GREAT CINEMATOGRAPHERS


#1: 1963

#2: [Right] with Alfred Hitchcock and James Stewart - "Rear Window" [1953]

 

   


ROBERT BURKS

 

Born: 4 July 1909, Chino, Calif., USA, as Leslie Robert Burks.

Died: 12 May 1968, Huntington Harbour, Calif., USA. [Burks and his wife died in a house fire.]

Career: Was a member of the ASC.

Awards: 'Oscar' AA nom [1951; b&w] for 'Strangers on a Train'; 'Oscar' AA nom [1954; color] for 'Rear Window'; 'Oscar' AA [1955; color] for 'To Catch a Thief'; 'Oscar' AA nom [1965; b&w] for 'A Patch of Blue'.



Robert Burks was King Chameleon, both in his skill in adopting the type of camerawork or visual styling which exactly suited each film, and in the way his own work could vary in merit depending upon the inspiration (or lack of it) of the director. Thus, he produced, for a constantly on-form Hitchcock, a string of superbly lensed movies which ranged from the entirely convincing, impersonalized, documentary look of 'The Wrong Man', to the spectacular colorful location work of 'North by Northwest' and 'Vertigo', to the claustrophobic, single set restrictions of 'Rear Window'. Compared to the Hitch films, Burks' relatively uninspired work on 'The Great Imposter' and 'The Music Man' (cheerful and well lit, but characterless) or 'A Covenant with Death' (downright gaudy and unattractive), reflects the lack of imagination displayed by the directors concerned. [David Badder in 'Film Dope', #5, July 1974.]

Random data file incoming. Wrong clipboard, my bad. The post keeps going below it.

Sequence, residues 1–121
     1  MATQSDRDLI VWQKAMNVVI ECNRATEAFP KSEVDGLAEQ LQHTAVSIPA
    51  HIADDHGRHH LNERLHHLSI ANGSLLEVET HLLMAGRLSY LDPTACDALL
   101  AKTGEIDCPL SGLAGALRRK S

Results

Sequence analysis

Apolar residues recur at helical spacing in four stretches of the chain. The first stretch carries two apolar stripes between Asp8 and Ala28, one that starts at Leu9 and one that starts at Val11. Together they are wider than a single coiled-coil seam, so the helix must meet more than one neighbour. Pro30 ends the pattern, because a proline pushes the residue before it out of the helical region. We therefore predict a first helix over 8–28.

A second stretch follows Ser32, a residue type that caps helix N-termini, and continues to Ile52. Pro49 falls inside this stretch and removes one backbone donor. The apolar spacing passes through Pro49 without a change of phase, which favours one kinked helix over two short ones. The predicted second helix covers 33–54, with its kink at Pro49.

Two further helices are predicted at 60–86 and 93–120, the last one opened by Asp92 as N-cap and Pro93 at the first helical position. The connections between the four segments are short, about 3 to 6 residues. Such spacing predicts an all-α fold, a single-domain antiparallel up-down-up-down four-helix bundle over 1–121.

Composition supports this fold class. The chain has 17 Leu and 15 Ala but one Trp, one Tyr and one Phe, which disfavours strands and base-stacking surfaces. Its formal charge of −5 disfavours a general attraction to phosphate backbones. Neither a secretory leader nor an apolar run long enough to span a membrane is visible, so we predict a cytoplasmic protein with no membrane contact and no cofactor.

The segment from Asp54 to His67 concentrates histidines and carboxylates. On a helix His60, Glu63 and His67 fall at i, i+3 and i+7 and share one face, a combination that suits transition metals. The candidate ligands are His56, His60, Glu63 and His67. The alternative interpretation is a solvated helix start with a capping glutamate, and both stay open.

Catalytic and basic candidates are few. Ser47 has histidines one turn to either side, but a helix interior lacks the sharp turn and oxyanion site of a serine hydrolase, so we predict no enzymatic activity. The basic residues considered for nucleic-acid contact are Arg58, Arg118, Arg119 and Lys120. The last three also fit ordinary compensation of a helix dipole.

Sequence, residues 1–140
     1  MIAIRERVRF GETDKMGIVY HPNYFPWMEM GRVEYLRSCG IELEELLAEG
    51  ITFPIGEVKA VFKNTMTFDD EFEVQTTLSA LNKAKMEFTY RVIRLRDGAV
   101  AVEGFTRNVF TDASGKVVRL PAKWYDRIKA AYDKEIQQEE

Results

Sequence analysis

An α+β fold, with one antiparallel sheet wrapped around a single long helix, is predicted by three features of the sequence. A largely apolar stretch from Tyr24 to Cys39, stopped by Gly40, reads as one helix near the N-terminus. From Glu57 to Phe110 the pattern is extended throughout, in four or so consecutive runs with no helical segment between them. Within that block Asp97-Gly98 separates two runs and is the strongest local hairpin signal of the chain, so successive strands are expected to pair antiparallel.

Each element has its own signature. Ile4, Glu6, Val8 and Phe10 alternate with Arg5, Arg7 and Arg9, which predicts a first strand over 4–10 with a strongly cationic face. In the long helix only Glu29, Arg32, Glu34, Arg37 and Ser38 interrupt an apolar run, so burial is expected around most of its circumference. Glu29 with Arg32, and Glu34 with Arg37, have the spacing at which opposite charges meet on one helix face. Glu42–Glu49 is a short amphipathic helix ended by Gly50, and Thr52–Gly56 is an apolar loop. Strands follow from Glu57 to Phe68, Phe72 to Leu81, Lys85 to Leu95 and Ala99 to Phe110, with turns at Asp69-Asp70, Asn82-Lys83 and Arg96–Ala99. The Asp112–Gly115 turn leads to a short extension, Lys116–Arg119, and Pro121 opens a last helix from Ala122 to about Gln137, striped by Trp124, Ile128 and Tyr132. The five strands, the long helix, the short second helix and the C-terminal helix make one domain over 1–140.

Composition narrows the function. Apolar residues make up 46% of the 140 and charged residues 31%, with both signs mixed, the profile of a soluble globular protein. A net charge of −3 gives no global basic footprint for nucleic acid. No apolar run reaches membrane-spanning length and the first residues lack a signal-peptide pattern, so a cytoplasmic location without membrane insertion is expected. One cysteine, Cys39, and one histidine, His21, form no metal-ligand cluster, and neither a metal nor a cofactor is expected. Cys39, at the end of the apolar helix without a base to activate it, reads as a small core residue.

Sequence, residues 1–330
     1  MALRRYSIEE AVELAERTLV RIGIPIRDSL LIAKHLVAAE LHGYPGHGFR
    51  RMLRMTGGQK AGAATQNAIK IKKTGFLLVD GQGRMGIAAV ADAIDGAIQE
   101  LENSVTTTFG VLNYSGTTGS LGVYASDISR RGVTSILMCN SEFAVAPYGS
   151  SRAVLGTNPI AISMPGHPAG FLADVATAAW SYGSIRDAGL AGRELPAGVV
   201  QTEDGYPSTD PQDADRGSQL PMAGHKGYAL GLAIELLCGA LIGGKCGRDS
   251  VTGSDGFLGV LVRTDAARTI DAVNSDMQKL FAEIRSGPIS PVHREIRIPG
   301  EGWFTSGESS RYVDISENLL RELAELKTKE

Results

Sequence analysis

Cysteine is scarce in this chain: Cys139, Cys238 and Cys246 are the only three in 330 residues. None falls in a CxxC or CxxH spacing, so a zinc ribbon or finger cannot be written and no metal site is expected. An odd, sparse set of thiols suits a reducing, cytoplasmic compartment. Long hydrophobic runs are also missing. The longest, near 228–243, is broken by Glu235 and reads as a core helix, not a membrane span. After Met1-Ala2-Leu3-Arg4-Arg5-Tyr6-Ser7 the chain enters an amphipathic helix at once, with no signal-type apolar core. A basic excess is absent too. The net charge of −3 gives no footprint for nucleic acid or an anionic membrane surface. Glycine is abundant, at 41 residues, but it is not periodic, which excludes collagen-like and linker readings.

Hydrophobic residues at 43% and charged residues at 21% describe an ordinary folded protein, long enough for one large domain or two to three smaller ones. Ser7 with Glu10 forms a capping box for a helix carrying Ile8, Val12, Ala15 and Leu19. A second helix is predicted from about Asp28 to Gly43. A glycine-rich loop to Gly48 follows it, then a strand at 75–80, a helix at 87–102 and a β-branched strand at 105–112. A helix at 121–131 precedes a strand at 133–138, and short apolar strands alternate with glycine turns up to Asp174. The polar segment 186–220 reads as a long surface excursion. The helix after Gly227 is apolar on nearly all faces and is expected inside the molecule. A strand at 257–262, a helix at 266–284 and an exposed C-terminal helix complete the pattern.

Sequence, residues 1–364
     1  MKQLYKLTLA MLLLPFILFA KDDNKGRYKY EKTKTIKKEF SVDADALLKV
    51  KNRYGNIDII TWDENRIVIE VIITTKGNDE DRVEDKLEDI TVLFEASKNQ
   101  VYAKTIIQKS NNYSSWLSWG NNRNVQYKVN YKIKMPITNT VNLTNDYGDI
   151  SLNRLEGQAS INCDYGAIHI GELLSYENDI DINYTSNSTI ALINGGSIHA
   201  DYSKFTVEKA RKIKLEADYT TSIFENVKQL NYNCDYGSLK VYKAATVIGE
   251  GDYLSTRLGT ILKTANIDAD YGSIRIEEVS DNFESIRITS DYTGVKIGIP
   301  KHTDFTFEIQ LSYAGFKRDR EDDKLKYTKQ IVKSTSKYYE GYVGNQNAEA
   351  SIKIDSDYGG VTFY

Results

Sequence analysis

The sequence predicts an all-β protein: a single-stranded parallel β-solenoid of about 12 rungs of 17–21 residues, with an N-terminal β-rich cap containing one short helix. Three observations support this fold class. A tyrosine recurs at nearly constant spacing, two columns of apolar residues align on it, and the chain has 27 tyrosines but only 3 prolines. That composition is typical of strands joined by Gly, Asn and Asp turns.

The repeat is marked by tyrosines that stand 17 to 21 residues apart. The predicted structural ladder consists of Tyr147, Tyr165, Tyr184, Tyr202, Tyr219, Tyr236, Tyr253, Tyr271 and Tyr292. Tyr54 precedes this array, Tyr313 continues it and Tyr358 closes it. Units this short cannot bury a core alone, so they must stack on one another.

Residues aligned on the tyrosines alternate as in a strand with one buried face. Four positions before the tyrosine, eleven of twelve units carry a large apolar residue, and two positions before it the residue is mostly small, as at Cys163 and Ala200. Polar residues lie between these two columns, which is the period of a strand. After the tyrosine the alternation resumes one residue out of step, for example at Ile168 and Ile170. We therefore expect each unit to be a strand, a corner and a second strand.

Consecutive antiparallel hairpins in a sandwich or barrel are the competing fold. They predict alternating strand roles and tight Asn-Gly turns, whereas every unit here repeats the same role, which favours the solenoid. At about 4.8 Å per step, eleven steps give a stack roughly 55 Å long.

#1: With Alfred Hitchcock [right] - "The Men Who Knew Too Much" [1955]

#2: With Alfred Hitchcock [left] - "Marnie" [1963]

 

Robert Burks was perhaps Alfred Hitchcock's most important collaborator on the director's films of the fifties and early sixties. To be sure, of the crucial collaborators from this period, such as the film editor George Tomasini and the composer Bernard Herrmann, Burks worked with Hitchcock most consistently. He photographed Hitchcock's films from 'Strangers On A Train' [1950] to 'Marnie' [1963], with the crucial exception of 'Psycho' [1959], for which Hitchcock attempted to achieve a different visual texture by using his television crew. These are the films on which Burks's reputation as a cinematographer largely rests, and what is immediately striking about them is their visual range. Indeed, throughout the fifties, Hitchcock made two distinct types of films. For Paramount, he made big-budget films in color with established stars and crowd-pleasing suspense tactics. For the more adventurous Warner Bros. studio, he made films with lower budgets, usually in black-and-white featuring lesser-known actors, and exploring forms of irony and pessimism that became the dominant tones of Hitchcock's late work. Amazingly, Burks was capable of shooting both the bleakly neo-realist 'The Wrong Man' [1956] and the jubilantly colorful 'To Catch a Thief' [1954]; both the delicately shaded 'Strangers On A Train' and the deliriously deep-toned 'Vertigo' [1957].

If this set of films illustrates Burks's range, it is perhaps in the later films that Burks's experiments with color are most audacious. It may well be, of course, that Hitchcock was a decisive influence on these experiments. Certainly nothing in the bland colors Burks provided for Morton DaCosta's overblown 'The Music Man' prepares one for the extraordinary palette of 'Marnie' with its feverish color contrasts, its nauseous yellows and bile-greens set against burnished or full-hued auburns and blues. The film was much criticized at the time of its release for its presumed visual clumsiness. Now, however, it seems very much a precursor of sixties art-cinema, especially of such a film as Antonioni's 'Red Desert'. Moreover, the film's visual distinction lies not only in its play with color but in Burks's manipulation of telephoto and wide-angle lenses, particularly in the climactic flashback scene. Thus 'Marnie', Burks's last film with Hitchcock, emerges as in many ways his most extraordinary achievement. [From article by James Morrison.]